BACKUP PLAN FOR PENTATHLON

BACKUP PLAN FOR PENTATHLON

Taranaki trainer John Wheeler hasn’t given up hope of getting Pentathlon into next month’s Gr.1 A$7 million Melbourne Cup, but he has come up with a left-field alternative if the talented stayer misses a start in the 3200m Flemington feature.

Pentathlon finished ninth in the 2016 Melbourne Cup and just failed in a last-ditch attempt to get a start in the race last year when third in the Gr.3 Lexus Stakes (2500m).

This year Pentathlon is currently sitting 58th in order of entry for the Melbourne Cup and Wheeler knows the seven-year-old son of Pentire has to lift his game in his next couple of starts to sneak into the big one.

Pentathlon was having just his second start since being runner-up to Gobstopper in the Gr.3 New Zealand Cup (3200m) at Riccarton 11 months ago when he was a creditable sixth to Nymph Monte in Saturday’s South Taranaki Club Egmont Cup (2100m) at Hawera.

“I thought he went super,” Wheeler said.

“He’d only had one race since the New Zealand Cup last year and I’d struggled to get the condition off him.  He’s a robust horse and, even though he’d done a lot of work and is very fit, he’s not race fit.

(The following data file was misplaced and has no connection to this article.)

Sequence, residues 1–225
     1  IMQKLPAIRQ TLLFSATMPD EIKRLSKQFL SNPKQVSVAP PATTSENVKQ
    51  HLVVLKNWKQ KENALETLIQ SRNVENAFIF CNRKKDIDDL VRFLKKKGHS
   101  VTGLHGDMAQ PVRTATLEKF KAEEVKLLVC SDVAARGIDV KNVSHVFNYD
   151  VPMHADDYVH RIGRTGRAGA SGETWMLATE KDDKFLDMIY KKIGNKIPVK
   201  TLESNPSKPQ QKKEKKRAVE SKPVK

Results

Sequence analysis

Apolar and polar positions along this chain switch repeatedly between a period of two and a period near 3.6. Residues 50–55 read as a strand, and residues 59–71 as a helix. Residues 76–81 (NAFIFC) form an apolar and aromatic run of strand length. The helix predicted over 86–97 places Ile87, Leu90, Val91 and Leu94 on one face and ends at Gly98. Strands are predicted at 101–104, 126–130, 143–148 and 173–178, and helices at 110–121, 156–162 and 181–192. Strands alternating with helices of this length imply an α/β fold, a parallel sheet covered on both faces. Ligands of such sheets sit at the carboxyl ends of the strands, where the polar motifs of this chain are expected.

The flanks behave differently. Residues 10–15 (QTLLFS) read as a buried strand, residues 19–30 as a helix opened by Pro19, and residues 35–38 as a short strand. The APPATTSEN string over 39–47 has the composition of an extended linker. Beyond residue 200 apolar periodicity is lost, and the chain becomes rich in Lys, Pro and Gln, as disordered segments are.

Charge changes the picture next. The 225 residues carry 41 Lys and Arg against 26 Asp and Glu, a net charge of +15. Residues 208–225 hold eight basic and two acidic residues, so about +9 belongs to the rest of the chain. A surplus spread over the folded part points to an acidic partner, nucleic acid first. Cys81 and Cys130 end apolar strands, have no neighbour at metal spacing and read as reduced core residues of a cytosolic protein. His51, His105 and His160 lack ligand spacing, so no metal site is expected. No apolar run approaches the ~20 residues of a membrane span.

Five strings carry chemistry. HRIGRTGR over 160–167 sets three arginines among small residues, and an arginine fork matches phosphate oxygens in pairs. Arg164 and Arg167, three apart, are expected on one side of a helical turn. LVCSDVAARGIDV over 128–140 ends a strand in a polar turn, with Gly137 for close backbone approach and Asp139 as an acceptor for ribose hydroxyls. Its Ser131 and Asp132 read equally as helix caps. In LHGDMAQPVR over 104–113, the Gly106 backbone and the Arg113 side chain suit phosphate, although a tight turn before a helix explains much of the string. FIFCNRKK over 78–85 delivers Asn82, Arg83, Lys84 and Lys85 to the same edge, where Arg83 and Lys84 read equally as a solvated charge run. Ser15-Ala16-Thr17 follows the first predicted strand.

“He also had a few hiccups, like a cracked splint bone which stopped him running on the second day at Hastings.  After four days he was okay, but he really needed Saturday’s run.

“I’m confident he’s close to his best and I’m toying with the idea of going to the Moonee Valley Gold Cup (Gr.2, 2500m) then on to the Lexus, like we did last year. I haven’t given up hope that he can sneak into the Melbourne Cup.”

Pentathlon also holds a nomination for the Gr.3 Christchurch Casino New Zealand Cup (3200m) at Riccarton on November 17, though it seems more likely he will be racing in Australia, even if he doesn’t get into the Melbourne Cup.

“If I’m happy with him he can go over next Sunday or the following Wednesday,” Wheeler said.

“The New Zealand Cup is still another option, but he’ll probably go to Aussie.

“I’ve got another option for him if he doesn’t get in the Melbourne Cup. He can go for the Jericho Cup.”

The Jericho Cup will be run for the first time this year, at Warrnambool on December 2.  It is worth A$300,000 over the extreme distance of 4600m and confined to Australian and New Zealand-bred horses with the runners in the 12-horse event to be ridden by highweight and jumps jockeys.

It is being held as part of the 100th Anzac anniversary of the 1918 end of the First World War and in recognition of the Australian Light Horsemen, their mounts and a famous ruse employed nearing the end of the war.

As a decoy to a major offensive against the Turkish Empire, the Australian Light Horsemen staged a race meeting with the main race being the Jericho Cup over three miles through the desert sands.

It is planned to re-run the modern-day Jericho Cup annually and Wheeler, who is always proud to fly the flag for the Kiwis, would love to represent New Zealand in the novel event.

“It’s about three miles and Pentathlon will love the distance,” Wheeler said.

“If he doesn’t get into the Melbourne Cup there are other country cups over there he could run in too.”

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